Nine Months After Hurricane Maria, Congress Isn’t Doing Much to HelpJune 18, 2018
Late last month, a study in the New England Journal of Medicine sparked national coverage and outrage when it concluded that about 4,645 people may have died in Puerto Rico due to the effects of Hurricane Maria between its landfall on September 20 and the end of 2017.
This figure is hardly definitive, as it’s based on a limited household survey; the researchers note that the number of deaths, going by their data, could be anywhere from 793 to 8,498. But this study was just the latest of several that challenge the official death toll of 64. (Most estimate hurricane-linked deaths in the weeks after Maria to be around 1,000.) Even the government of Puerto Rico has acknowledged its initial figures were a joke and in December commissioned a new study, the most robust to date, that is expected to come out with a more definitive figure this summer.
It’s taken months, but this death toll reporting seems to be shifting public attention back to the island and the devastation it has suffered. Two weeks ago, the Congressional Hispanic Caucus, among others, called for a commission to investigate the official and actual death toll numbers and whether early underreporting may have slowed the federal response to the crisis, perhaps causing more deaths. That is an important issue to explore. But experts involved in or advocating for Puerto Rico’s recovery say that Congress could and should do so much more to address the island’s ongoing struggles. That includes, but is hardly limited to, both seeking justice for these deaths, and preventing similar losses of life in the future.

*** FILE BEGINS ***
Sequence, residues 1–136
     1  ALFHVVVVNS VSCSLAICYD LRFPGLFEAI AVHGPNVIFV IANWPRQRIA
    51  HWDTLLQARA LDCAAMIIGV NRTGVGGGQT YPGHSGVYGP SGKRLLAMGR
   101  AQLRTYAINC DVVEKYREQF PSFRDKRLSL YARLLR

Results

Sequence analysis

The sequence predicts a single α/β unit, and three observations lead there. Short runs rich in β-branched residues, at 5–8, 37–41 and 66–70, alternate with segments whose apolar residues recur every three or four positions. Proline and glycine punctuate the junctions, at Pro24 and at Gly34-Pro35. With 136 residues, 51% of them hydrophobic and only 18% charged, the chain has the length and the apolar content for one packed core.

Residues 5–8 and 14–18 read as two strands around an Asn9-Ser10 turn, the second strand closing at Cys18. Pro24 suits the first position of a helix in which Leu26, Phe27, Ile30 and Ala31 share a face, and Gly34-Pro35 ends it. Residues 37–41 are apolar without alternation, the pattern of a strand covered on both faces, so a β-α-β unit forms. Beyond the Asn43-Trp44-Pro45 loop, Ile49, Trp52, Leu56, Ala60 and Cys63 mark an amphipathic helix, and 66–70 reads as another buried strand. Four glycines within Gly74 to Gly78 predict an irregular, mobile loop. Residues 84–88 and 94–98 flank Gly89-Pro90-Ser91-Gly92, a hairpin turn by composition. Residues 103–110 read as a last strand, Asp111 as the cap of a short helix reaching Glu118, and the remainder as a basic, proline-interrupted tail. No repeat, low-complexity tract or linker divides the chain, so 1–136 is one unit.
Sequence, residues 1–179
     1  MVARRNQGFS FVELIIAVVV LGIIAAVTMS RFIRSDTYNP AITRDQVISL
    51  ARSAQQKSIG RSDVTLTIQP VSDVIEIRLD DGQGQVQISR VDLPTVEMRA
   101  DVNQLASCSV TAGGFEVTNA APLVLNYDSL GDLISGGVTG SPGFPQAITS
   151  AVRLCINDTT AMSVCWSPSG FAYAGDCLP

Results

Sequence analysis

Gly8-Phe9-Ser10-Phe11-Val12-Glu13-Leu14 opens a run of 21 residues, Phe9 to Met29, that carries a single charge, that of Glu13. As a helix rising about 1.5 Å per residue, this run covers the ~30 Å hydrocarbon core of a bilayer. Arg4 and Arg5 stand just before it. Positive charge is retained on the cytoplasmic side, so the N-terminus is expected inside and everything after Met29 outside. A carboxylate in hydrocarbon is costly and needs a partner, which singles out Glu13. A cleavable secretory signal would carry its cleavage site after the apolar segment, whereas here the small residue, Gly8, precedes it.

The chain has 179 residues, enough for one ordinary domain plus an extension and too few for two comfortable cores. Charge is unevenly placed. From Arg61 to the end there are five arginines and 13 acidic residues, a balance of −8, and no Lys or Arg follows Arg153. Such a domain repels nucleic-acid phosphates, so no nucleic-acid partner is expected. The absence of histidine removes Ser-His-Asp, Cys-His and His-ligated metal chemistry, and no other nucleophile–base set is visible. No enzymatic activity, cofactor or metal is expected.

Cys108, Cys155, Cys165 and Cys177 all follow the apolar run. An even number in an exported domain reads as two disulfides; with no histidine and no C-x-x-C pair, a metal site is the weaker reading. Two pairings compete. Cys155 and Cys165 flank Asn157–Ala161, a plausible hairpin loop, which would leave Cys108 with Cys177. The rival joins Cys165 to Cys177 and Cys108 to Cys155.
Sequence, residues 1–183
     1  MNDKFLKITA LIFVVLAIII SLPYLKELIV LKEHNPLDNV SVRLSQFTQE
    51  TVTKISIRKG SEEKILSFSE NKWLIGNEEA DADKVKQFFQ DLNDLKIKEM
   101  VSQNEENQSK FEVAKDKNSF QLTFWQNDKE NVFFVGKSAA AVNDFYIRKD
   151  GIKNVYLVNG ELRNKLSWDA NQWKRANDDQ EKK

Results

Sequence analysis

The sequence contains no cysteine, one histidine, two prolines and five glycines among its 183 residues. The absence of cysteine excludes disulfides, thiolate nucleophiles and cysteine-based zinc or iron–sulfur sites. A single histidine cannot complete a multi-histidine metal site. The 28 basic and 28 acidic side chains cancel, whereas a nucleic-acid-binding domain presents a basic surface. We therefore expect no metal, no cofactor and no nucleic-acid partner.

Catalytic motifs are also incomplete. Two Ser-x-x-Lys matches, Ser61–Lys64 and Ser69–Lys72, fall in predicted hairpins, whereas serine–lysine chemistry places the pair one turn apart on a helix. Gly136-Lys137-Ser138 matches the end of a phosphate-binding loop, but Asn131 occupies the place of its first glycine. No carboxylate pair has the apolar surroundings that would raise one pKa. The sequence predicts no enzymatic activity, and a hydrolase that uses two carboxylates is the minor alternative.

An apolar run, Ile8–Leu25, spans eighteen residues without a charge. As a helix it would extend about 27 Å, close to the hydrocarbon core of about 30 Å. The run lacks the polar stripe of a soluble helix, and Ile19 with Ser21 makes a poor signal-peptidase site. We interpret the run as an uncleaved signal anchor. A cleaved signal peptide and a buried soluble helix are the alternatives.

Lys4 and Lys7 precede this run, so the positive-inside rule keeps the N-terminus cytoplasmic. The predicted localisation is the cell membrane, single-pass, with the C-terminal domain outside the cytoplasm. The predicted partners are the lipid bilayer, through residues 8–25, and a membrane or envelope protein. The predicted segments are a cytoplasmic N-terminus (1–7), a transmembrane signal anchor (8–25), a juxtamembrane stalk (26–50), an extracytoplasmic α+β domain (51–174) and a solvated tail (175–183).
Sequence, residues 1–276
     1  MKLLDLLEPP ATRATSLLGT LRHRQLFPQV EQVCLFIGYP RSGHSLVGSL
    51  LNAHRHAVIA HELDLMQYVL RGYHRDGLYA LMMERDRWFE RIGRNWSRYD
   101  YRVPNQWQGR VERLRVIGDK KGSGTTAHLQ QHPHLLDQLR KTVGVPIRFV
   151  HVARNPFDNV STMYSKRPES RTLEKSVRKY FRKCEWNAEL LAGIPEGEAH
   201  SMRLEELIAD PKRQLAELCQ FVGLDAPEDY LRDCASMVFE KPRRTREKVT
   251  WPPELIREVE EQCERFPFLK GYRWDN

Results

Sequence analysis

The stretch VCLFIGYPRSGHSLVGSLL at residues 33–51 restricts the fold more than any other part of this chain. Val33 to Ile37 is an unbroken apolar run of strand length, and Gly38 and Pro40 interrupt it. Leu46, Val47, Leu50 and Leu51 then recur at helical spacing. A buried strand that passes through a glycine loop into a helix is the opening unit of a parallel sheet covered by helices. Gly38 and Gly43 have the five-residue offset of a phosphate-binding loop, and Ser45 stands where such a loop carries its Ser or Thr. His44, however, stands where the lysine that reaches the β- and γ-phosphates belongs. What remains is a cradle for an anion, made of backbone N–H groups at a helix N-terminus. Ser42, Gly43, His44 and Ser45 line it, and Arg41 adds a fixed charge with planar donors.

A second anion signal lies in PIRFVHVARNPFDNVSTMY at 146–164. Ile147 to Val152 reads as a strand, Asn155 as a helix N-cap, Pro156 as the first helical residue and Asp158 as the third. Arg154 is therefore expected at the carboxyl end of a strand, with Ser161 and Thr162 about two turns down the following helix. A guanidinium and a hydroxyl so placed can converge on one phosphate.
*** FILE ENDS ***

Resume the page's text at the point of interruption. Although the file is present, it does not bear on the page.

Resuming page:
For starters, says Melissa Mark-Viverito of Power4PuertoRico, a recovery advocacy coalition, any commission formed should investigate the federal agencies involved in the initial response to Maria and where and how they fell short. We still don’t know how or whether negligence or poor management, not just an anemic response due to underreporting, lead to suffering and perhaps death.
The Federal Emergency Management Agency and the Trump administration insist they did the best they could while stretched thin after two prior major hurricanes and considering the logistical challenges of responding to a disaster on an island with damaged ports. But robust reportage has already made a strong case that FEMA and other agencies did not adequately prepare for Maria, or use all the powers they could have to respond. It is also painfully clear that Trump did not care as much about Puerto Rico’s recovery as he did about Florida’s after Hurricane Irma or Houston’s after Harvey. His blithe attitude may have cooled the federal response to a degree.